Richard Black: Copenhagen or Babel? A climate conundrum

Bbc_logoRichard Black ponders coverage of the upcoming COP in Cancun, Mexico, noting how coverage of Copenhagen centered more on political drama vs. science, and the growth of climate fatigue.


Richard Black: Copenhagen or Babel? A climate conundrum

by Richard Black

BBC Earth Watch Blog

November 16, 2010
 
A little less than a year after filing into the frozen wasteland of Copenhagen's Bella Center, we're looking this year to the sunnier climes of Cancun in Mexico.  While UN officialdom begins its attempts to manage expectations, editors in news organisations (including this one) are asking how they should cover the summit, what readers/listeners/viewers might be interested in, and how to place Cancun in a historical landscape transmuted by Copenhagen.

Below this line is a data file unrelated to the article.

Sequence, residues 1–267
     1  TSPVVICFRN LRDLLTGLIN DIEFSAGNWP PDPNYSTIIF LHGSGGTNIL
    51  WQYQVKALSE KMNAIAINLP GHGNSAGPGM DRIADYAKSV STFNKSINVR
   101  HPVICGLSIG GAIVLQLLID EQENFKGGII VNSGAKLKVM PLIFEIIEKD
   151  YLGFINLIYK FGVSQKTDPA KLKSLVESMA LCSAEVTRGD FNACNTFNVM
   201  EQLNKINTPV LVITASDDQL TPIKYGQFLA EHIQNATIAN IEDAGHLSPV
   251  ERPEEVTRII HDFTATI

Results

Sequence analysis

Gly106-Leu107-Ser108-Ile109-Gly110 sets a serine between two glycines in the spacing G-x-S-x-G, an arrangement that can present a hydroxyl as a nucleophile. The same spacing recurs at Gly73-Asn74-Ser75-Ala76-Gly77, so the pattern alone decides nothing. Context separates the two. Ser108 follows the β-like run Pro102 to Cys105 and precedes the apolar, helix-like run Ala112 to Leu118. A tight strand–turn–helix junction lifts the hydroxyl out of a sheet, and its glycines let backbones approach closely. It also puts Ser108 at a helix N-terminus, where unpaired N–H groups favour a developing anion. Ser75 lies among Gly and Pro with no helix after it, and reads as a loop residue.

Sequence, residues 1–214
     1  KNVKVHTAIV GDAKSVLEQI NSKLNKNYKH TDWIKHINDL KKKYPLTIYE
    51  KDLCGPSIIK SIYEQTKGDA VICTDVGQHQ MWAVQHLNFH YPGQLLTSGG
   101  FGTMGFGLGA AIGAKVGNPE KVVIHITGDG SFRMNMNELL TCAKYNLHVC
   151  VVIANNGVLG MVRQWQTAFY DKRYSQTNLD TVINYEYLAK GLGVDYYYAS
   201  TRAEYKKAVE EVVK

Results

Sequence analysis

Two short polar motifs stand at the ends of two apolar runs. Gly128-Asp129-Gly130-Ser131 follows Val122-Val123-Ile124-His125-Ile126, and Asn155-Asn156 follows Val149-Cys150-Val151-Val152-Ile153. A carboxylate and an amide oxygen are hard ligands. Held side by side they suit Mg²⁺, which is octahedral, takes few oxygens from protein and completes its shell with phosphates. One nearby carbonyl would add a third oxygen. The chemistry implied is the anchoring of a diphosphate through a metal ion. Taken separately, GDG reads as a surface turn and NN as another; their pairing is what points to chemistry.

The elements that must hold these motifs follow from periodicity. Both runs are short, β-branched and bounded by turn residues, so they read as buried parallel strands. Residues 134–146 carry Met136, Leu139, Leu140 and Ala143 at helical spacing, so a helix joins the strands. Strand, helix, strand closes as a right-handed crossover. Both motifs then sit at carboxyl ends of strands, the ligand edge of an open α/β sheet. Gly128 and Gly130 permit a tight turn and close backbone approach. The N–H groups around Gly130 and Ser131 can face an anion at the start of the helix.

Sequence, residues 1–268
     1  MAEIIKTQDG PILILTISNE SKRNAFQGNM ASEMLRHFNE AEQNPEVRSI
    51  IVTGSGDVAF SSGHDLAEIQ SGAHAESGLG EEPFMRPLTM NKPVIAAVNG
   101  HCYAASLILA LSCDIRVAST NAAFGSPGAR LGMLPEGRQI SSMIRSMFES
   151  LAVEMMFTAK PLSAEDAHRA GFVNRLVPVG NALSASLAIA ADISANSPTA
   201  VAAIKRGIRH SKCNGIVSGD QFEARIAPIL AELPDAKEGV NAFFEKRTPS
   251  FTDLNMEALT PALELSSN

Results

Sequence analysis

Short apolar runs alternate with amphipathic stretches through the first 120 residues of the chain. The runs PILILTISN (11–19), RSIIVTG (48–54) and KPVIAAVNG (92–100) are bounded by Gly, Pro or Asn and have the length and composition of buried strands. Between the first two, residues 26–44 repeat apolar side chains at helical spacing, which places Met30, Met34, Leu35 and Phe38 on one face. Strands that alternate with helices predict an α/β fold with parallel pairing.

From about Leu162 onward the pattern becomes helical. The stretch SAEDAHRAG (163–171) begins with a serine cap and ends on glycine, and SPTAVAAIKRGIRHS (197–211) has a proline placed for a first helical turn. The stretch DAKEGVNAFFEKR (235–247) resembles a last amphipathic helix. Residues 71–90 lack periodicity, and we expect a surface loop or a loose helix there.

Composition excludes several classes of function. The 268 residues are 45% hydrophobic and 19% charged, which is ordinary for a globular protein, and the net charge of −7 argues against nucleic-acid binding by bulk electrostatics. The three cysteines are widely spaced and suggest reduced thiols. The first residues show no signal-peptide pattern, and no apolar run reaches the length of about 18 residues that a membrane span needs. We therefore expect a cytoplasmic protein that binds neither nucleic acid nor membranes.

There may be some useful thoughts in a new report from the Reuters Institute for the Study of Journalism (RISJ) <http://reutersinstitute.politics.ox.ac.uk/about/news/item/article/marked-differences-between-countrie.html>  at Oxford University, in partnership with the British Council. Written by former BBC correspondent and editor James Painter, Summoned By Science surveys how news organisations around the world reported climate change during those two tumultuous weeks. Among the findings is that less than 10% of articles (from the media groups and countries surveyed) majored on climate science, the overwhelming majority focussing on the political dramas played out in the conference halls.
 
For what it's worth, I don't agree with the view that there was too little science in Copenhagen reporting. Whatever you make of these conclusions, the question for many of us is how best to proceed. As the report notes, there is evidence of "climate fatigue" among audiences, and even among editors.

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